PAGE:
Tutorials > How to install Laravel with LAMP and Composer on Ubuntu 20.04

How to install Laravel with LAMP and Composer on Ubuntu 20.04

Published on: 18 November 2020

Development LAMP Laravel PHP Ubuntu


LAMP is a set of softwares that allows you to prepare a web server capable of hosting dynamic or static websites. The acronym LAMP provides for the installation, on Linux systems, of the Apache web server, the MySQL database and the PHP language.

Laravel is the most widely used MVC open source framework for developing websites and applications in PHP.

In this tutorial you will see how to install this set of softwares on Ubuntu 20.04, install the PHP Laravel framework on the system via the “Composer” package manager.

To get started, connect to your server via an SSH connection. If you haven't done that yet, following our guide is recommended to  connect securely with the SSH protocol. In case of a local server, go to the next step and open your server terminal.

Installing Apache

Before proceeding, update the official Ubuntu package repositories using the apt command:

sudo apt update

Once completed, proceed with the Apache installation:

sudo apt install apache2 -y

Make sure you enable traffic on port 80 used by Apache, using the UFW firewall:

sudo ufw allow in "Apache Full"

At this point the server is ready with the default configurations: to verify its correct functioning, just connect to the public IP address of your server through any browser:


Remember that, should you change the Apache configuration, the service has to be restarted by using the command:

sudo service apache2 reload

Alternatively, the service can be completely restarted by using:

sudo service apache2 restart

To stop or start the service, use the "start" or "stop" commands:

sudo service apache2 stop
sudo service apache2 start

Installing MySQL

To install the MySQL database, use the apt command pointing the package "mysql-server" as follows:

sudo apt install mysql-server -y

Once completed the MySQL Database Service is available within the system. Like all other services, if necessary (for example after changing its configuration), MySQL can be restarted through the command:

sudo service mysql restart

Before proceeding, it is necessary to "secure" the current installation, that is to say, to start a procedure that will guide you in removing all anonymous users, disable the administrator login (root) remotely and remove the pre-installed test databases by default:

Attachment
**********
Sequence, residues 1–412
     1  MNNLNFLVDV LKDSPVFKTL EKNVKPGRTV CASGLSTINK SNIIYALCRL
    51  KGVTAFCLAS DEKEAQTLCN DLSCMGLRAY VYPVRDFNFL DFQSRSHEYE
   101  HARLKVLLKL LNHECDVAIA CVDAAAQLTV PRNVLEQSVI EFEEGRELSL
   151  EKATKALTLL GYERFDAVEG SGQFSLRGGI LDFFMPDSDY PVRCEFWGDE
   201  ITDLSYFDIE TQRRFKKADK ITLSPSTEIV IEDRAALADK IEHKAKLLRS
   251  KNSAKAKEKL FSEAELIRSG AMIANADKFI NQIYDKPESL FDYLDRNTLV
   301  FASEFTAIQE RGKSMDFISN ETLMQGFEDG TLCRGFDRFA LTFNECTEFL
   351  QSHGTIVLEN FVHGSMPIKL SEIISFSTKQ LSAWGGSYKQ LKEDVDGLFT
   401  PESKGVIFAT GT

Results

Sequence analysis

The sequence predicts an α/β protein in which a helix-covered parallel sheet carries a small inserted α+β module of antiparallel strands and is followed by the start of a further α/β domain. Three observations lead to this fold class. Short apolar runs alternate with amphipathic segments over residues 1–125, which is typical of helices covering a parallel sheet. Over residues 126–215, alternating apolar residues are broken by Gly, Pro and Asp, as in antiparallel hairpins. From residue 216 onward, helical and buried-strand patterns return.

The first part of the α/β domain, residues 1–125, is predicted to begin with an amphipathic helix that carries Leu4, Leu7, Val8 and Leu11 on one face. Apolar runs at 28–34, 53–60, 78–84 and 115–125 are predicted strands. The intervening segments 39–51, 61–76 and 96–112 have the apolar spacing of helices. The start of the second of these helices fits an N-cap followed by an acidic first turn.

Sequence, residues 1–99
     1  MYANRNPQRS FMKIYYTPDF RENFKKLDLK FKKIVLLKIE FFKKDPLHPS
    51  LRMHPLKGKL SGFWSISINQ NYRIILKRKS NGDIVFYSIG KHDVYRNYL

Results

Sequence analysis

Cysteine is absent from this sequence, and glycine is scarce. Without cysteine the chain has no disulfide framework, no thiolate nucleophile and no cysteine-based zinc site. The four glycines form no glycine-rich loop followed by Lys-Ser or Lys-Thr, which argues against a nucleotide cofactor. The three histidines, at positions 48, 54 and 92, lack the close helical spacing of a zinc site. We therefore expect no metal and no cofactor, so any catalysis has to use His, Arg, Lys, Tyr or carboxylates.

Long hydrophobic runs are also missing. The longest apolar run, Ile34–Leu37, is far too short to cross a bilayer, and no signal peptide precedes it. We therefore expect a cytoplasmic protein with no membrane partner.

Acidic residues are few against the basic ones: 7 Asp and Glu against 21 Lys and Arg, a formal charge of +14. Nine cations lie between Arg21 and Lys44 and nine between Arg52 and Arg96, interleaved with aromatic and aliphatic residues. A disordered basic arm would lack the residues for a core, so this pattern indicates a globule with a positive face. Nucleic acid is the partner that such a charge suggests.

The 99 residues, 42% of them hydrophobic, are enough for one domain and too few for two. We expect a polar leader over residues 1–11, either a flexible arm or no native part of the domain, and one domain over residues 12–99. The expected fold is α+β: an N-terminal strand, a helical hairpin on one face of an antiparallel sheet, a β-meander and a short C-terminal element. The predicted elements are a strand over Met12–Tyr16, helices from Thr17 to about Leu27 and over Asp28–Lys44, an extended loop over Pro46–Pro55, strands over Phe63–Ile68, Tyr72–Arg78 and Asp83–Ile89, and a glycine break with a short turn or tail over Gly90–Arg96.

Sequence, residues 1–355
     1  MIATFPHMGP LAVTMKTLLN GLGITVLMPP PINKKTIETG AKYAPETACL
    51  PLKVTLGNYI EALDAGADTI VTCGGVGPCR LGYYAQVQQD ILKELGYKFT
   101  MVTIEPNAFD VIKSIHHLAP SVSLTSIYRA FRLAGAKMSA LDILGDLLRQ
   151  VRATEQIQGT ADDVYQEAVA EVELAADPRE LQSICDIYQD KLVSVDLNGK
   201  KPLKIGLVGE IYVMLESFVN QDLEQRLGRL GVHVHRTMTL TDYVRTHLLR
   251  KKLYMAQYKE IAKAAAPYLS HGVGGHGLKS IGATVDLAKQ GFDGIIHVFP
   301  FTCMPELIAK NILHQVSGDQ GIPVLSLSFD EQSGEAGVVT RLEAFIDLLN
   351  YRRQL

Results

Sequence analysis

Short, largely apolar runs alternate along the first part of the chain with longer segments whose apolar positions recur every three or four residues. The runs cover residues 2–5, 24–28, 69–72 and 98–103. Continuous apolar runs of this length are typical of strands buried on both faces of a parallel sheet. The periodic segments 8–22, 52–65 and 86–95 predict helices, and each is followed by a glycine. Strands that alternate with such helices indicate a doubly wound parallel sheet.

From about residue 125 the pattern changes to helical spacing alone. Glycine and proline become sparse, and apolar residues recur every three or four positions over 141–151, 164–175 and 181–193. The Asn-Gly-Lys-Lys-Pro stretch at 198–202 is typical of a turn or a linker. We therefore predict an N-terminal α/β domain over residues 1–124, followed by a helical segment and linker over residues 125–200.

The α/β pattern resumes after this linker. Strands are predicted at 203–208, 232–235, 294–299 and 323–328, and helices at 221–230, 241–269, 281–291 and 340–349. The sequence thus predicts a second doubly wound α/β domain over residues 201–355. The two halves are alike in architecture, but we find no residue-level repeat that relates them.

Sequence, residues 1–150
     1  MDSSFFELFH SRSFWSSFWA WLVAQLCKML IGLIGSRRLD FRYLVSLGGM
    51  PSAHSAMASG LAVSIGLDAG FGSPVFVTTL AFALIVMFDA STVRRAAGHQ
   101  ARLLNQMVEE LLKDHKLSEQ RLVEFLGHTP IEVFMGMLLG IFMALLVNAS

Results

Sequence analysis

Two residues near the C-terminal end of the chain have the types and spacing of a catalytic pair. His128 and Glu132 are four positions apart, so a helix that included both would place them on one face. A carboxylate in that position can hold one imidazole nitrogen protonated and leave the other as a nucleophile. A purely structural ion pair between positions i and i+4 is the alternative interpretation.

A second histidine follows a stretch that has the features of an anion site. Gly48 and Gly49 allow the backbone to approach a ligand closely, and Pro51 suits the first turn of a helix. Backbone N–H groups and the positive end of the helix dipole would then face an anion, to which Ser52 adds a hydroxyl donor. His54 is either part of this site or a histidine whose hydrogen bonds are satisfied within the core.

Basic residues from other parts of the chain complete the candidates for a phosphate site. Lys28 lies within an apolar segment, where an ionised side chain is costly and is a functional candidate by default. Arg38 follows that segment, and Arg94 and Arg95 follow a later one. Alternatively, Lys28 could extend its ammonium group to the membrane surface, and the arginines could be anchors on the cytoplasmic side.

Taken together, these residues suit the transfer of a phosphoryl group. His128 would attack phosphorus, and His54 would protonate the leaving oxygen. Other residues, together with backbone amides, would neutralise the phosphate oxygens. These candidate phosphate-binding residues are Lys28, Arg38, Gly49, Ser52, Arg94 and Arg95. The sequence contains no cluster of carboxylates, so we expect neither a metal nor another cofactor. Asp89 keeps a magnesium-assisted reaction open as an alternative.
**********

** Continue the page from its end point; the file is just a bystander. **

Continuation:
sudo mysql_secure_installation

The first question you are asked is whether to use the "VALID PASSWORD COMPONENT", a tool capable of rejecting any unsafe passwords during user creation:

VALIDATE PASSWORD COMPONENT can be used to test passwords
 Would you like to setup VALIDATE PASSWORD component?
 Press y|Y for Yes, any other key for No: y
 There are three levels of password validation policy:
 LOW Length >= 8
 MEDIUM Length >= 8, numeric, mixed case, and special characters
 STRONG Length >= 8, numeric, mixed case, special characters and dictionary   file
 Please enter 0 = LOW, 1 = MEDIUM and 2 = STRONG:

To enable the component, type Y and choose a security level from 0: Low, 1: Medium or 2: High.

You will also be requested to enter a new password for the root user in order to access the service only through connections made from the same machine.

After entering the new password, continue by answering "y" to all the questions that will be asked.

Then, check the correct installation by logging in as an administrator user:

mysql -u root -p

By entering the root password indicated above, you log in to the management console.

To exit, type "exit:"

mysql> exit;

Installing PHP

To proceed with a minimal installation of PHP, the packages "php", "libapache2-mod-php" and "php-mysql" through the command: can be installed

sudo apt install php libapache2-mod-php php-mysql -y 

However, in case you need to use complex software, such as WordPress or other CMS, it may be useful to install other support packages through: